'Do not come': Harris seeks 'hope at home' for Guatemalans

Full Screen
1 / 14

Copyright 2021 The Associated Press. All rights reserved.

Vice President Kamala Harris and Guatemalan President Alejandro Giammattei, pose for an official photograph, Monday, June 7, 2021, at the National Palace in Guatemala City. (AP Photo/Jacquelyn Martin)

GUATEMALA CITY – Vice President Kamala Harris offered an optimistic outlook for improved cooperation with Guatemala on addressing the spike in migration to the U.S. after her meeting with Guatemalan President Alejandro Giammattei on Monday. She also delivered a direct warning to migrants considering making the trek: “Do not come. Do not come.”

Her comments, during a press conference after she met privately with Giammattei, underscored the challenge that remains even as Harris engages in substantive talks with the Guatemalan and Mexican presidents during a three-day visit to the region this week, her first foreign trip as vice president.

“I want to emphasize that the goal of our work is to help Guatemalans find hope at home," Harris said. “At the same time, I want to be clear to folks in this region who are thinking about making that dangerous trek to the United States-Mexico border: Do not come, do not come.”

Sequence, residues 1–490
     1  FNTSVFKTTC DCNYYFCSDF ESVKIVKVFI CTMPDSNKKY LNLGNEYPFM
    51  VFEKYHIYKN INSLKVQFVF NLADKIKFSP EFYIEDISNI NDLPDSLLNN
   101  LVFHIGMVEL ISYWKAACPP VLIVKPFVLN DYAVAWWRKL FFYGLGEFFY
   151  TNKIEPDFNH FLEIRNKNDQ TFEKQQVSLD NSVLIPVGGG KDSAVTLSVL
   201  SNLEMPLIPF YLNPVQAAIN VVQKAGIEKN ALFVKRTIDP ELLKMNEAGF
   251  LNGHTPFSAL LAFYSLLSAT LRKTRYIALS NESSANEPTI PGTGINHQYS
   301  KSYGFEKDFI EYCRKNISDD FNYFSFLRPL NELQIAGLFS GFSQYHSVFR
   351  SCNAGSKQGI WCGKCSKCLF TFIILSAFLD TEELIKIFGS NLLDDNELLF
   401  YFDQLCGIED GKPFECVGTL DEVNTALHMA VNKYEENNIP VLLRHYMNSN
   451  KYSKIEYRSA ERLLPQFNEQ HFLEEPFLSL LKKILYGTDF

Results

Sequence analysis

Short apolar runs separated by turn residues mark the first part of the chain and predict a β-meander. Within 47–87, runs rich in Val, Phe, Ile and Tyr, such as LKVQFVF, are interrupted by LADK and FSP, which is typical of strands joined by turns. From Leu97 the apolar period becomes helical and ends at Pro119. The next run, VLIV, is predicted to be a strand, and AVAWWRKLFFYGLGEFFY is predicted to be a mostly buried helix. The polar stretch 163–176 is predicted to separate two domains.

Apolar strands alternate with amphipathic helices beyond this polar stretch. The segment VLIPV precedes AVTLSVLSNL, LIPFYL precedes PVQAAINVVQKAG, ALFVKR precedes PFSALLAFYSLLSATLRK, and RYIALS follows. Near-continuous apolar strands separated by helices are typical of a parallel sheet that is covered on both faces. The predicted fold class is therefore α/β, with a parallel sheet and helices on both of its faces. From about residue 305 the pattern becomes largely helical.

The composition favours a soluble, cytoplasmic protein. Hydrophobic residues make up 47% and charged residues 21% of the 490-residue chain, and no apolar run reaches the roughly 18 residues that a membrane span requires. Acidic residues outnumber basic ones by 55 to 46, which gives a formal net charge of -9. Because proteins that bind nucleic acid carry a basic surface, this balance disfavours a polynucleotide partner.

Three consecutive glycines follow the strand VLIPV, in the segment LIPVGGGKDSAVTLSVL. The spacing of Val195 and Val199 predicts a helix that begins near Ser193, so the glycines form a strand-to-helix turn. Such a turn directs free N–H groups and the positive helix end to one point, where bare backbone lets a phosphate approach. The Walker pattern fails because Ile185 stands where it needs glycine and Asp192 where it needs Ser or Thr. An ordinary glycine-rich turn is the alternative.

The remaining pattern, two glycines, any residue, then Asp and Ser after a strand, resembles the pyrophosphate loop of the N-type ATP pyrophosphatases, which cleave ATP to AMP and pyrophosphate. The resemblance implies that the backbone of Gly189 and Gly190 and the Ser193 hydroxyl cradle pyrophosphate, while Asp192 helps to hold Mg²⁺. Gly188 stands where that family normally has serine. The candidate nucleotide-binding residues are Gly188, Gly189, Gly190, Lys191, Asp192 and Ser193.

In conjunction with Harris' trip, the Biden administration announced that the Justice Department would create an anti-corruption task force and an additional task force to combat human trafficking and drug smuggling in the region. Harris also promised a new program focused on creating education and economic opportunities for girls there, among other new initiatives. And she told Giammattei that her goal in the region was to restore “hope” to residents so they no longer felt the need to flee their homeland for better opportunities in the U.S.

But for all the talk about new ways to cooperate, reining in corruption and improving living conditions in the region have been long-running challenges that previous administrations have been unable to achieve in their efforts to stem the tide of migration to the United States.

Part of the challenge remains that, despite the best efforts of U.S. officials, corruption underpins many of the region’s governments. Indeed, Giammattei himself has faced criticism over his handling of the issue.

Last month, two lawyers who are outspoken critics of Giammattei’s administration were arrested on what they say were trumped-up charges aimed at silencing them.

And the selection of judges for Guatemala’s Constitutional Court, its highest, was mired in influence peddling and allegations of corruption. Giammattei picked his chief of staff to fill one of the five vacancies. When Gloria Porras, a respected force against corruption, was elected to a second term, the congress controlled by Giammattei’s party refused to seat her.